Six Nations 2014: Cool head Owen Farrell hoping to lead England to championship glory

Farrell admits you can't let anything effect your game as a fly-half and admits he learnt to keep a cool head very early in his career

Ask Andy Farrell what is the quality that sets Dan Carter apart and he offers an unflappable temperament that enables the New Zealand fly-half to swat aside mistakes.

Farrell, England's backs and defence coach, could just as easily be talking about his son Owen, the player who will be pulling the strings for England at the 2015 World Cup.

The Red Rose management accept the creative limitations that demand the selection of a second playmaker in the backline, but believe Farrell's composure under pressure outweighs this shortcoming.

The 22-year-old's steely resolve was evident in last autumn's QBE International against Australia, in which he scored 15 points as England prevailed 20-13.

Just as impressive as his points haul was his recovery from a challenging spell when he missed three successive penalties and showed hesitancy on the ball to spearhead the fightback.

It was exactly the temperament that England view as indispensable and the Saracens outside-half admits his mindset was shaped almost from the start.

"Keeping it together is something I learned pretty early on - when I started playing," he said.

"Why should you let it affect you? You've got to move on. There's too much to focus on in terms of your next job.

"If you're focusing on what has just happened then you're not going to have a grip on the game and that's what a fly-half's job is.

"Irrespective of how a kick went, you've got to back yourself and go again.

"You've got to have a clear head and think about what went wrong, but then you've got to put it behind you and move on. I just get on with it."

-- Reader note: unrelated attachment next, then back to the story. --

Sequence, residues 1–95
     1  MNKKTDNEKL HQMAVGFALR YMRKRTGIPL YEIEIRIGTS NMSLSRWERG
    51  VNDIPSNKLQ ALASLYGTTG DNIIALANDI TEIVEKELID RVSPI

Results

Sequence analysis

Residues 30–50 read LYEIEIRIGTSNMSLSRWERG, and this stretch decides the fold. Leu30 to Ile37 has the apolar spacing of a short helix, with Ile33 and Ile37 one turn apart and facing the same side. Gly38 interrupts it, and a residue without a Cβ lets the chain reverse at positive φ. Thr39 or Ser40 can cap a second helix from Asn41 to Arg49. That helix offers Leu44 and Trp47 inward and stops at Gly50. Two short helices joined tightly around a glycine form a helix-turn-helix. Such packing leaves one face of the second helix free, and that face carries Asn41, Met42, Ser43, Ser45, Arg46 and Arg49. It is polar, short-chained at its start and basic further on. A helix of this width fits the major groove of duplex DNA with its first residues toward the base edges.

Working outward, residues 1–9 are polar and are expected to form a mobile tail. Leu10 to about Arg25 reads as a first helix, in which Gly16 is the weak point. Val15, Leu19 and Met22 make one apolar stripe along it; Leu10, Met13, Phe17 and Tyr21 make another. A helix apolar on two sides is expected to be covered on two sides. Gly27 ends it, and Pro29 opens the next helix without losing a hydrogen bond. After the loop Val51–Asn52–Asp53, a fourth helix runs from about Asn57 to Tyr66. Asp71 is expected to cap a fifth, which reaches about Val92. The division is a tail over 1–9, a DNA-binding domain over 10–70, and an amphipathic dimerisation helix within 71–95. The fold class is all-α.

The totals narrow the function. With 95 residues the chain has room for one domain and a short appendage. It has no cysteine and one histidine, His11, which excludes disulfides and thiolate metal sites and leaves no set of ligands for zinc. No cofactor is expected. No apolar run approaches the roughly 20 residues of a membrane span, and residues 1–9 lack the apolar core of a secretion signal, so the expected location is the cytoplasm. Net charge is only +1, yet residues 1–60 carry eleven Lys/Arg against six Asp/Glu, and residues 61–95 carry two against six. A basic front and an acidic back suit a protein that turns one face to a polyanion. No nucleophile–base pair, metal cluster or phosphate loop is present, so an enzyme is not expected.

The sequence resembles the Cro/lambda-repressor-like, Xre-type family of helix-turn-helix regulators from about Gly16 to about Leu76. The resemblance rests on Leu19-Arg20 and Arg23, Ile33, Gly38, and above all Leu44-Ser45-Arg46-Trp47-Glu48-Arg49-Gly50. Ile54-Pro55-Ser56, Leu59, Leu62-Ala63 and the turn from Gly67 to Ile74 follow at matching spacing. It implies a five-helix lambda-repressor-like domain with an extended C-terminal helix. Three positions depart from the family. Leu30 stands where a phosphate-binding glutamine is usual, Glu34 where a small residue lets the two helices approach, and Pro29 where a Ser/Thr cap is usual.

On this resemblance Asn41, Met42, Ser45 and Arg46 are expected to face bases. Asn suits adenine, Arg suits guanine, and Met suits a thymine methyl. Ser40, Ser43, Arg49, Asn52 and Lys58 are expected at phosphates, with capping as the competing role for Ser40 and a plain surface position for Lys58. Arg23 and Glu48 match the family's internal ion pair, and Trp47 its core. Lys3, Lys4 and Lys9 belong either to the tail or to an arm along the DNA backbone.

England will resist calls for the selection of the untested Freddie Burns and George Ford, more naturally gifted players than Farrell who are capable of producing moments of magic.

But in the cauldron of Test match rugby, there is only one fly-half that head coach Stuart Lancaster trusts.

"It's his temperament that carries him through," Lancaster said.

"Ian McGeechan talks about Test match animals and the ability to absorb the pressure of playing under the spotlight. He seems to be able to do that."

Farrell learned much during the British and Irish Lions tour to Australia last summer, an experience he views as "special".

As cover for Ireland's Jonathan Sexton, Farrell made only one appearance in the Test series, coming on as a substitute in the Sydney decider, but the tour left its mark.

"The key lesson I took from it was in preparation," Farrell said.

"Some good, good players would do a lot on the field and then stay around for hours after and do all sorts of extra practising - that's why they're good players.

"Then you see what players who have been at the top of their game for a long time do off the field and what they do to the players around them, showing them video and things like that.

"They make sure other people know their jobs so that they can do their jobs too.

"I do work hard, but it opened my eyes a bit as to how they drag other people along, watching sessions and making sure everyone knows their job."

 

PA

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When I was supporting Ray La Montagne I was six months pregnant. He had been touring for a year and he was exhausted and full of the cold. I was feeling motherly, so I would leave presents for him and his band: Tunnock's Tea Cakes, cold remedies and proper tea. Ray seemed painfully shy. He hardly spoke, hardly looked at you in the face. I felt like a dick speaking to him, but said "hi" every day. </p>
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